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2002 Reunion Giving Smashes Last Year’s Mark

The words “record” and “breaking” were heard several times on Technology Day on June 8 as the 2002 reunion gift totals were announced, but the most important record came when Alumni Association president L. Robert Johnson ‘63 revealed that reunion giving had shattered last year’s record.

This year, the Tech Reunions 2002 classes-the 2s and 7s-generously contributed an amazing $90.9 million dollars to the collective reunion gift campaigns. That $90.9 million total, announced by Johnson at the Technology Day luncheon as part of the Tech Reunions celebrations held June 6 to 9, easily surpassed the mark of $76.29 million set just last year by the 2001 reunion campaign. This year’s record-breaking effort comes thanks to the hard work of 17 gift chairs working for 16 reunion classes.

The classes were paced by the Class of 1962, which contributed a record $41.96 million to its 40th reunion; $15.39 million from the Class of 1942’s 60th-reunion gift; and the Class of 1952, whose gift came in at $13.15 million, including the contributions of four members of the class-Ralph W. Bell, Robert H. Damon, Clifford H. Heselton and Paul A. Lux-who have each given to the Alumni Fund every year since they left the Institute as proud graduates half a century ago.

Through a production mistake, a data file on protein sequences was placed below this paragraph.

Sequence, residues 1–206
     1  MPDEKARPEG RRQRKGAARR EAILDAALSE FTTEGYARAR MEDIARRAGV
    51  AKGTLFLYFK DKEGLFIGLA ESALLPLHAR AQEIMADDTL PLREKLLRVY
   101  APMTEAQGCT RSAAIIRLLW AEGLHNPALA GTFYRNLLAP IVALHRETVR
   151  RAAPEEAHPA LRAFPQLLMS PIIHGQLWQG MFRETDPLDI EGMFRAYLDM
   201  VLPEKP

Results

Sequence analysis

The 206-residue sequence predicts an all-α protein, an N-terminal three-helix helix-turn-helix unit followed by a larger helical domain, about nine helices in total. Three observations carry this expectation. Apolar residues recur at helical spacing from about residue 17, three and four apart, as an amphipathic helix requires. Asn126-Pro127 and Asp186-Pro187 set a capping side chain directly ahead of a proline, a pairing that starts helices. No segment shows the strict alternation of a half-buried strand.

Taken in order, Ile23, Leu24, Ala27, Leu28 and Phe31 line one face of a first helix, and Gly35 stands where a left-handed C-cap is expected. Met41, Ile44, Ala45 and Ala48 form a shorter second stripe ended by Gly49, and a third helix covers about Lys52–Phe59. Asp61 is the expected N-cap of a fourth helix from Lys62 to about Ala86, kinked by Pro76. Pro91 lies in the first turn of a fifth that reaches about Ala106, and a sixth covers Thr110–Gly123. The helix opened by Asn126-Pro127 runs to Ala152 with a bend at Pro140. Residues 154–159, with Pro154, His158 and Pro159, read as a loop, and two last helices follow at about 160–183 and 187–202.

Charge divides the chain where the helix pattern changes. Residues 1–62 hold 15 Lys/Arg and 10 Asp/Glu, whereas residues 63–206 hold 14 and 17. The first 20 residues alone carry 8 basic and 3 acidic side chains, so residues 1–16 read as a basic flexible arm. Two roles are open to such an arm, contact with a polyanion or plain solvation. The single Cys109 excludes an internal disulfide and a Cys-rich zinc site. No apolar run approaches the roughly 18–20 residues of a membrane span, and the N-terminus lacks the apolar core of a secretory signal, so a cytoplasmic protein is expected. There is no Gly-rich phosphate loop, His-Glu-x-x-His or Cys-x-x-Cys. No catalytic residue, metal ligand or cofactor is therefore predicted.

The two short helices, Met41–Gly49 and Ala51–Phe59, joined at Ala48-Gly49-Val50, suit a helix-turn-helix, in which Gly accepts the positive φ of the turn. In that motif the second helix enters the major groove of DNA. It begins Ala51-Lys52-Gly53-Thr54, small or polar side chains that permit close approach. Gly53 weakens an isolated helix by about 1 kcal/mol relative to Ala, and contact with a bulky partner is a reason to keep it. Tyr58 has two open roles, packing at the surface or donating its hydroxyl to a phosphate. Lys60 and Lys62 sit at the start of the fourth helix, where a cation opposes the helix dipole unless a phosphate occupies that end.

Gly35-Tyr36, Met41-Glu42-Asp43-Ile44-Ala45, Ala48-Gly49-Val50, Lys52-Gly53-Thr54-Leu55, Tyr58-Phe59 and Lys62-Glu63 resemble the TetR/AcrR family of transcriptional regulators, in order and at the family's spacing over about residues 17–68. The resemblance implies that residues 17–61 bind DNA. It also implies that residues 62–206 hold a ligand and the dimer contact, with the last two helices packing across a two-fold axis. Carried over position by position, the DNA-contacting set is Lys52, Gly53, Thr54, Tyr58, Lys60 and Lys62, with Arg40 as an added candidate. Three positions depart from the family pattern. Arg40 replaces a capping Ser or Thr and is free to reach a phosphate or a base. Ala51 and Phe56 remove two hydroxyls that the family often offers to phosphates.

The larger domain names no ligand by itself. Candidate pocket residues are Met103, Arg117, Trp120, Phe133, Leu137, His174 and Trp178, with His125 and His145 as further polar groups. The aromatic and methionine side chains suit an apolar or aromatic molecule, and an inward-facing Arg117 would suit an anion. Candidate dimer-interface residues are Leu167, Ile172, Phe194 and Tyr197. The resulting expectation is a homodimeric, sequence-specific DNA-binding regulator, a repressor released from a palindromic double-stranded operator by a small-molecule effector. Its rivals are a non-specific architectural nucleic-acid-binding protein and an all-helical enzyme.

“I was surprised when I got your message.Have I really given every year since I graduated?” Lux wondered recently in a phone conversation from his home in St. Louis. “That’s great. I just always felt I ought to support the Institute because I had gotten what I thought was a very fine education. I just thought it was my responsibility to continue to support MIT.”

Collectively they make a real statement about the importance of annual giving, representing 200 years of financial support of MIT as a group. Lux returned to campus for Tech Reunions and bumped into Damon, who has not only been active in financially supporting MIT but has also been a good volunteer for the Institute, working with the MIT Clubs of St. Louis and Puget Sound and as an educational counselor.

“I guess the answer is not just why I gave when I was a young man, but why does anyone give ever? I have always admired MIT for its commitment to making available a good education to worthy people, regardless of need, and based only on need-not athletic ability or family connections,” said Damon, who lives in Sammamish, WA. “That is why I give back to MIT. And giving for me now is a habit. It is just something I do every year.”

To read more about “200 Years of Giving,” go to the Giving to MIT Web site at web.mit.edu/giving/.

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